How Appealing

Thursday, May 31, 2018

“Jay-Z defeats copyright claims over ‘Big Pimpin'”: Jonathan Stempel of Reuters has this report.

And at the “THR, Esq.” blog of The Hollywood Reporter, Eriq Gardner had a post titled “Jay-Z Triumphs in ‘Big Pimpin’ Appeal as Egyptians Can’t Enforce Moral Rights; The rapper and producer Timbaland were accused of mutilating a song first featured in a 1960 Egyptian film.”

You can access today’s ruling of the U.S. Court of Appeals for the Ninth Circuit at this link.

Posted at 11:20 PM by Howard Bashman

“[W]e join every court that has directly addressed these issues in holding that it is neither unconstitutional nor a violation of RFRA to print the national motto on currency.” So ruled a unanimous three-judge panel of the U.S. Court of Appeals for the Seventh Circuit today in a case brought by a plaintiff whom the opinion describes as “an adherent of what he calls non-theistic Satanism.” Chief Judge Diane P. Wood wrote the opinion of the court.

Posted at 10:55 PM by Howard Bashman

“Two new petitions call on SCOTUS to decide workplace protections for gays, lesbians”: Alison Frankel’s “On the Case” from Thomson Reuters News & Insight has this post.

Posted at 4:24 PM by Howard Bashman

“Republicans Lost The Same-Sex Marriage Fight. Here’s How They Plan To Win The War. Everything the anti-abortion movement did is happening again.” Dominic Holden of BuzzFeed News has this report.

Posted at 11:15 AM by Howard Bashman

“Quiet Time? Oral Arguments Disappear in Federal Appeals Courts; The number and percentage of cases argued at the federal appellate level is fading, leaving firms to ask where their next generation of appellate lawyers can turn for courtroom experience.” Ross Todd of The Am Law Litigation Daily has this report.

Here in Pennsylvania, the answer to that question is the state appellate courts. In particular, the Superior Court of Pennsylvania — the far busier of the Commonwealth’s two intermediate appellate courts — allows oral argument whenever counsel for the appealing party requests it. As a result, the opposite problem frequently arises — having to expend the resources to prepare for oral argument in appeals that objectively do not merit it.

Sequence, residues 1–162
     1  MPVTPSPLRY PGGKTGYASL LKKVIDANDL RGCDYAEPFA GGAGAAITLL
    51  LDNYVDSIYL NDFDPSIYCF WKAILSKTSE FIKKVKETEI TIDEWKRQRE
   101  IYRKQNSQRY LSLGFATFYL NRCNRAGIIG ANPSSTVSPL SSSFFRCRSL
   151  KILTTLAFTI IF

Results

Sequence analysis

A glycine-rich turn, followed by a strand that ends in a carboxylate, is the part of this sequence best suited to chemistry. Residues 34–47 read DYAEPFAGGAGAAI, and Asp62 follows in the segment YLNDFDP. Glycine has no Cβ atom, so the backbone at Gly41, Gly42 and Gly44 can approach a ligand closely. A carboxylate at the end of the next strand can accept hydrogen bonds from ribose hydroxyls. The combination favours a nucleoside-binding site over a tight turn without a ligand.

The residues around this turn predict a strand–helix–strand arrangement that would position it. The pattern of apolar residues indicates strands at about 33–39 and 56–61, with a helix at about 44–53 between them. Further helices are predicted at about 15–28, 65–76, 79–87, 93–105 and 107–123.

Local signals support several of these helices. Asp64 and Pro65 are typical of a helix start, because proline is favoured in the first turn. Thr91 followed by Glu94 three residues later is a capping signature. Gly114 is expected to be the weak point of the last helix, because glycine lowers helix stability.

Appellate advocates at the upper levels of our profession may not themselves notice a marked decline in oral argument, because they (or dare I say we) are fortunate to work mostly on cases that merit oral argument even under today’s more restrictive standards. Moreover, when representing the party that won below, a lack of oral argument is often viewed as a good sign — a likely indication of affirmance — which is of course the client’s objective.

The way to have the best chance of oral argument under today’s more restrictive standards is to demonstrate that the appeal merits it. That may not always be possible, because the showing depends more on the case itself than on the appellate advocate’s skills.

In reflecting back on my own experiences, I can only identify one case in particular where I was very surprised that the U.S. Court of Appeals for the Third Circuit did not request oral argument. My client had lost below, and I thought we had set forth a strong case for reversal in our appellate briefs. As a matter of statistics, reversal is far less likely to occur in a case that has not received oral argument. Thus, I had appropriately cautioned my co-counsel and the client that our chances of winning the appeal had greatly decreased once the case had not been selected for oral argument. Yet even this story ultimately has a happy ending, as the Third Circuit ended up reversing without oral argument, which to this day remains a very rare occurrence.

Posted at 10:44 AM by Howard Bashman

“An Epic Case, Its Not-So-Immaculate Concepcion, and a Few Thoughts on Conservative Jurisprudence”: Michael S. Greve has this post at the Law and Liberty blog.

Posted at 10:10 AM by Howard Bashman